On its 2014 debut, The Fall, “dark, alternative, new-wave” duo Se Delan (multi-instrumentalist Justin Greaves and Swedish singer Belinda Kordic) exemplified the “post-progressive sounds” mission statement of its label, Kscope, by crafting a charming blend of minimalistic melodies, pastoral atmospheres, and industrial/shoegaze/blues rock instrumentation. While these elements are maintained for the most part on the pair’s sophomore effort, Drifter, there’s also a noticeably bleaker and harsher nature to the entire affair. As a result, the record isn’t as alluring or varied as its predecessor, yet what it lacks in warmth and diversity it makes up for with a consistently beautiful nihilistic character.
According to the Se Delan, Drifter is meant to sound “raw, more natural and human [sic]” than The Fall; in addition, the LP “musically and lyrically looks at madness and how the line between sanity and insanity can at times appear frighteningly thin.” It’s fortunate, then, that they succeeded in channeling such austere themes and intentions into a wonderfully suited statement of delicate hopelessness in which chaos and calmness are equally impactful. In comparison to the orchestral grace of fellow Kscope duo iamthemorning’s recent Lighthouse (which tackled similar subject matter), Drifter is coarse and confrontational, but also fragile and sparse, allowing it to represent subjugated sentiments a Cure-esque sense of letdown.
Lead single “Going Home” opens the album with wavering wall-of-sound distortion behind a steady drumbeat, sharp guitar arpeggios, and of course, Kordic’s distinct ghostly tone. As expected, she sounds seductive, haunting, and despondent as Greaves’ piercing guitar leads and buoyant percussion echo around her. Although its purposefully drab tones aren’t exactly uplifting or exciting, there’s no denying the hypnotism of its synth punkiness. “Ruined by Them” carries the same properties, but with fuller vocals and more poetically stylish lyrics.
“Blue Bird” carries strong dynamic shifts, as its constantly alternating between scant melancholies and shimmering catastrophe. There’s even a slightly chamber pop feel buried underneath the shrillness. Later, “In Obscura” appears grungy and archaic, like the offspring of Nirvana and Aphex Twin, and its subtle gothic chants are a nice touch, while “Blueprint” is a bit more psychedelic and accessible; really, it’s among the most engaging and confident pieces here, and its placement near the middle of the sequence helps give Drifter a strong sense of organization.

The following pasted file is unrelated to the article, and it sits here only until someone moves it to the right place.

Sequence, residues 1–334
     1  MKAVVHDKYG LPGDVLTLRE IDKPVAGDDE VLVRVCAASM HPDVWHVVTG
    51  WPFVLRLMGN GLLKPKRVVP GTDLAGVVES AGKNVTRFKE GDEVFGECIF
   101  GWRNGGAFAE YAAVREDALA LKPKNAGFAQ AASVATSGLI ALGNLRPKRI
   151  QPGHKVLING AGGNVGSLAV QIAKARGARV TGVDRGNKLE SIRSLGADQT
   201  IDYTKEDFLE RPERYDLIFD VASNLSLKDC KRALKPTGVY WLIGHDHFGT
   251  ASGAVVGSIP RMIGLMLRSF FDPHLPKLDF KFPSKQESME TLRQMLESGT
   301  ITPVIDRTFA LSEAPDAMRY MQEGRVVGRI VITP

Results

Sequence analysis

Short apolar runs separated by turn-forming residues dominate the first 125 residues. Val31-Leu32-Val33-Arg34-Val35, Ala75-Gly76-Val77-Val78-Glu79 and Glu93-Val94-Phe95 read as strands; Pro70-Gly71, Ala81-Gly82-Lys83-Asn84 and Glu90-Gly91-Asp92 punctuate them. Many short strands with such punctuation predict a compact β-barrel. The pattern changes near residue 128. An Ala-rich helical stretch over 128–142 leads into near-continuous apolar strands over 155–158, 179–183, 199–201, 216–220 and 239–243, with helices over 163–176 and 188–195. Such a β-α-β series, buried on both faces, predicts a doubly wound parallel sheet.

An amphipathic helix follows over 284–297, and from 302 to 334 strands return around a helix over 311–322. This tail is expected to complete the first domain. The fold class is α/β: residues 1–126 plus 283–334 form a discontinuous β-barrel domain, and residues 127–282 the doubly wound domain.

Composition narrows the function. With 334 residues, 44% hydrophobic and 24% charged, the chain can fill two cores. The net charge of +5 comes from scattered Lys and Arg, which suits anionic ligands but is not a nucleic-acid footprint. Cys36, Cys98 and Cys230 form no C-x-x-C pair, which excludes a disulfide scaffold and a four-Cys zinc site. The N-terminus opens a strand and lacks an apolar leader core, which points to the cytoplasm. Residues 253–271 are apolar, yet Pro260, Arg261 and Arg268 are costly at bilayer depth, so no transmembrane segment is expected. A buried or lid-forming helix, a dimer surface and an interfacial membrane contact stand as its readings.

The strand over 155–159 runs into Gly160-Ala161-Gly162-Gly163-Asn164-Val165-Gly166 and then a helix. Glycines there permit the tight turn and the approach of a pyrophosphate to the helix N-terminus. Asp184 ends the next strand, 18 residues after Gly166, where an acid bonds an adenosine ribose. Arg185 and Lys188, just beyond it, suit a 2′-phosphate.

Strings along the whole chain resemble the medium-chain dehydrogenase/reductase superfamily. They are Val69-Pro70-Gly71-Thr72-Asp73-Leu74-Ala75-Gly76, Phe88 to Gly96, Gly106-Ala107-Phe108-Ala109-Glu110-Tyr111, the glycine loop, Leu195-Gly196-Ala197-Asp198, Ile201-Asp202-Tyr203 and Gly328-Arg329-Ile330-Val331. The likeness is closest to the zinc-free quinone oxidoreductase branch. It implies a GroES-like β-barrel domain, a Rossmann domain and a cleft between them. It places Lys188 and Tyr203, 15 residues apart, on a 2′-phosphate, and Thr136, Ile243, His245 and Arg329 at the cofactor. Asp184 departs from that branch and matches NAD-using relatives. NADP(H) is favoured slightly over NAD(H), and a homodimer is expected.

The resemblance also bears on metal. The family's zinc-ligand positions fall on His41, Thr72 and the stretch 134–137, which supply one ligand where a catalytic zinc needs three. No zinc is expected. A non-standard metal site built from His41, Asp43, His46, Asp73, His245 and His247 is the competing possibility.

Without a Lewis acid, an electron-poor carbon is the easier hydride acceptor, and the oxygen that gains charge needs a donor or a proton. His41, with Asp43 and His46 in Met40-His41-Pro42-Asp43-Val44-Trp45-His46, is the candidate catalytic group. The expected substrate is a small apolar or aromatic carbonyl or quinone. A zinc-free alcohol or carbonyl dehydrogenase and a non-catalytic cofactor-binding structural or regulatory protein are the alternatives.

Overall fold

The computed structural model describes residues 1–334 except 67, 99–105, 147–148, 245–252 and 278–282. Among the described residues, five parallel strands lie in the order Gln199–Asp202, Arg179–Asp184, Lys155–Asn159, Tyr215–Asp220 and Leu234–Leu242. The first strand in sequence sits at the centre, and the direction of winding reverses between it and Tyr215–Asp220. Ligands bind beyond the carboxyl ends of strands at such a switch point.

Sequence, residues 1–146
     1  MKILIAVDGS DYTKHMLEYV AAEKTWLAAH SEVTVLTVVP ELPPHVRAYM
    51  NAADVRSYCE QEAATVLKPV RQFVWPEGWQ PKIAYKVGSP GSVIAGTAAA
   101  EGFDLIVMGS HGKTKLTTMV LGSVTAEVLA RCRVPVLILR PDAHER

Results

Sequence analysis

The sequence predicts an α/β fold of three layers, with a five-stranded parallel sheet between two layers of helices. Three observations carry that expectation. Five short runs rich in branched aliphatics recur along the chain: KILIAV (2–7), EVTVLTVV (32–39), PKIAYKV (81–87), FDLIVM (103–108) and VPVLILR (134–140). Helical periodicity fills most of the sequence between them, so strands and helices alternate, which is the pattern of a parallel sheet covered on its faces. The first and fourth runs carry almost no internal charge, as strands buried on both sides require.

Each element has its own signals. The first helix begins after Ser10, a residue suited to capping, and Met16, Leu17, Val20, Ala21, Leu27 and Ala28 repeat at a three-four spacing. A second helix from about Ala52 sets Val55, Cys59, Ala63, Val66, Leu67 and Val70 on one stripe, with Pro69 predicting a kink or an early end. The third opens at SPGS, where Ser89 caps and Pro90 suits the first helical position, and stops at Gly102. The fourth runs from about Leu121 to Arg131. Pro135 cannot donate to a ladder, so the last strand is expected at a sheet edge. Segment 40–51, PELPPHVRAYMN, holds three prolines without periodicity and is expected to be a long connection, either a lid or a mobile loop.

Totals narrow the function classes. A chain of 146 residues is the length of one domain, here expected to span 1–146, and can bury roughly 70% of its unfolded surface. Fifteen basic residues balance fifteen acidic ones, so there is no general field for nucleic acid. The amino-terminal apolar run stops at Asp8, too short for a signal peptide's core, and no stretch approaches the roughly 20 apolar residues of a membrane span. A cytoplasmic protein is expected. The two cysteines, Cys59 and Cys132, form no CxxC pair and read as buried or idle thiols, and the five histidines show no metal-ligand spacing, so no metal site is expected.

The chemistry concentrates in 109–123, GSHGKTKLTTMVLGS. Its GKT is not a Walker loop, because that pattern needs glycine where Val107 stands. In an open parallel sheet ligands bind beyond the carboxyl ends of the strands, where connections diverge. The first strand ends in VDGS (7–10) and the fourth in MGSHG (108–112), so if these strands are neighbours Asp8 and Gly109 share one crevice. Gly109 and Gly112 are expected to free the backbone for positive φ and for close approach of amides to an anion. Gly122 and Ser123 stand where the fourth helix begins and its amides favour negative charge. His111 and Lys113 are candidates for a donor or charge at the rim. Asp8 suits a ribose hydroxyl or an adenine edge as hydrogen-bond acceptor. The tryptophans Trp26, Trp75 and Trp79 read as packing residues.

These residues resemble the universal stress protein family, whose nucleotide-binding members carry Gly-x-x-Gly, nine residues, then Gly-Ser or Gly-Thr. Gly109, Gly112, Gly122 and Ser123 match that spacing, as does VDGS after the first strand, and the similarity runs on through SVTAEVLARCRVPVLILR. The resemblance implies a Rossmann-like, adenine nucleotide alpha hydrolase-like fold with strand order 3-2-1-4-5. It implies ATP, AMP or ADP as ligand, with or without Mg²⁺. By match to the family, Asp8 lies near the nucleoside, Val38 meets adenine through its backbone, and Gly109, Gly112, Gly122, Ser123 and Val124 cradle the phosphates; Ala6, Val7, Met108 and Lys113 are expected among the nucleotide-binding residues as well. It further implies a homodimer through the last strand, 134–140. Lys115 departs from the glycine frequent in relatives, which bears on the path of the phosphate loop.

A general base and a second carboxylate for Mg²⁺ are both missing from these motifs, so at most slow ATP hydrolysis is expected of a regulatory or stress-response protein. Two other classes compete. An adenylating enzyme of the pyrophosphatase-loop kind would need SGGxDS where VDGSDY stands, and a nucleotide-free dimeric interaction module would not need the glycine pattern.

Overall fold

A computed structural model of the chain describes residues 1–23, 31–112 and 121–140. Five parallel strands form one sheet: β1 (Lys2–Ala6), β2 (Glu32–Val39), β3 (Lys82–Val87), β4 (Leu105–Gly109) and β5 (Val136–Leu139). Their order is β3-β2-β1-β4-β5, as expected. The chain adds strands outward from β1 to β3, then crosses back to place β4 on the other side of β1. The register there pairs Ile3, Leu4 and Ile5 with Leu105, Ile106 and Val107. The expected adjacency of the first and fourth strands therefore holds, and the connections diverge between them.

There’s a palpable sinister magnetism to “Shadowbox(ers)” that evokes early Anathema; in particular, the interplay between guitar and bass lines works well. Thankfully, the bass has an even larger role on “Gently Bow Out,” which also conjures the glamorous attitude of classic Garbage. Interestingly, Kordic sounds downright evil near the end of “She’s Wild,” as her maniacal growls are surrounded by a hellish aural environment. As for the concluding track, “Fear No Ghosts,” it’s among the most straightforward and light tracks here; in a way, it acts as an entrancing palette cleanser following the ominous frenzy of the previous ode. That said, it erupts into more fuzzy madness by the end, and its final seconds are evocative enough to leave you wanting another visit.
Despite its overwhelmingly penetrating soundscapes and a serious lack of range, Drifter is still a success because it accomplishes exactly what it sets out to do. No, it’s not as welcoming, surprising, or elegant as The Fall, but it’s almost unfair to compare the two because they have different agendas. Drifter seems targeted at a more destructive and forlorn audience; in a way, it’s an audio representation of cheerless existential crises, so it’s likely not meant to appeal to a particularly wide audience. If you are seeking out the vibes that it gives off, though, you’ll find it to be a fine soundtrack for a niche mindset and stylistic desire.